“I was lucky enough to play with some impressive leaders and workers in my time at Cornell,” Stevens added, “but Jake very well might be the most impressive.”
Pulver’s problems began in the spring of his eighth-grade year. He was experiencing intense stomach pains, as if being “repeatedly stabbed in the stomach with a knife.” After several weeks with no relief, a trip to the doctor revealed that he had acute pancreatitis. He spent four days in the hospital on IV medication before being released on a strict diet.
But the pain in his stomach never subsided. He was losing a tremendous amount of weight – dropping from 140 to 115 pounds – and most concerning was the appearance of blood in his stool.
“My mom really felt like something wasn’t right,” said Pulver. “She started insisting that the doctors test me for other things, and four weeks before my freshman year I was diagnosed with ulcerative colitis. I had never heard of that, so I didn’t think it was any big deal. I just thought ‘Okay. Now we can fix it.’”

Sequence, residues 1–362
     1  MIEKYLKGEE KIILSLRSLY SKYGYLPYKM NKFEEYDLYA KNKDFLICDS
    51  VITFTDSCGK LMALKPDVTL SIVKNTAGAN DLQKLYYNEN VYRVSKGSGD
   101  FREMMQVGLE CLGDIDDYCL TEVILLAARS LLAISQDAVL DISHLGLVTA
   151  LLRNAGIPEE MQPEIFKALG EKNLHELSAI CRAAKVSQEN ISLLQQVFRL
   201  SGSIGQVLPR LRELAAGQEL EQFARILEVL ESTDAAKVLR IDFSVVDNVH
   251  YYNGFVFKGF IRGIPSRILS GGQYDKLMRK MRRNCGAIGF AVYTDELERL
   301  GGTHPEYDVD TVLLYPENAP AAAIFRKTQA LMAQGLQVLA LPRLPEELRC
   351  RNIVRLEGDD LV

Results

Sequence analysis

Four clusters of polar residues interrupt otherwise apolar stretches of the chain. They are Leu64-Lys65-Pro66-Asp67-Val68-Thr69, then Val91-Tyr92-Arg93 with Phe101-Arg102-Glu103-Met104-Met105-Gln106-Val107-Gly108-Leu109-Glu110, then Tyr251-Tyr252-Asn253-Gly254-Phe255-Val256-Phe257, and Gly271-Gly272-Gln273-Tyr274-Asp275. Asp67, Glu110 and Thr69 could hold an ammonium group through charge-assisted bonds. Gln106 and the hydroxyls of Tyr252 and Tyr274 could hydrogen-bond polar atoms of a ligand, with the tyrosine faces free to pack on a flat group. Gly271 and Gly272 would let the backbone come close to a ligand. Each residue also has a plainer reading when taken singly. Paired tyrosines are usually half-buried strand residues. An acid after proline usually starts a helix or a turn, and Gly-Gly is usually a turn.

Ulcerative colitis is a bowel disease that causes inflammation and ulcers in the lining of the digestive tract. To treat the ailment, Pulver began a drug regimen that included taking 25 pills daily, along with the steroid prednisone.
With the usual drug regimens not working, Pulver’s doctors decided to treat him with Remicade, a drug administered through IV infusion.
“Each infusion took between 5 and 6 hours, but he was still trying to go to school and even as sick as he was he still made the basketball team,” says Pulver’s mother, Becky. “One time he had to go right from the Remicade treatment to a game and towards the end of the game we hear a ‘BOOM’ and I look over and it’s Jake on the ground. He just collapsed because his body gave out. But he never complained. He just got up and kept playing.”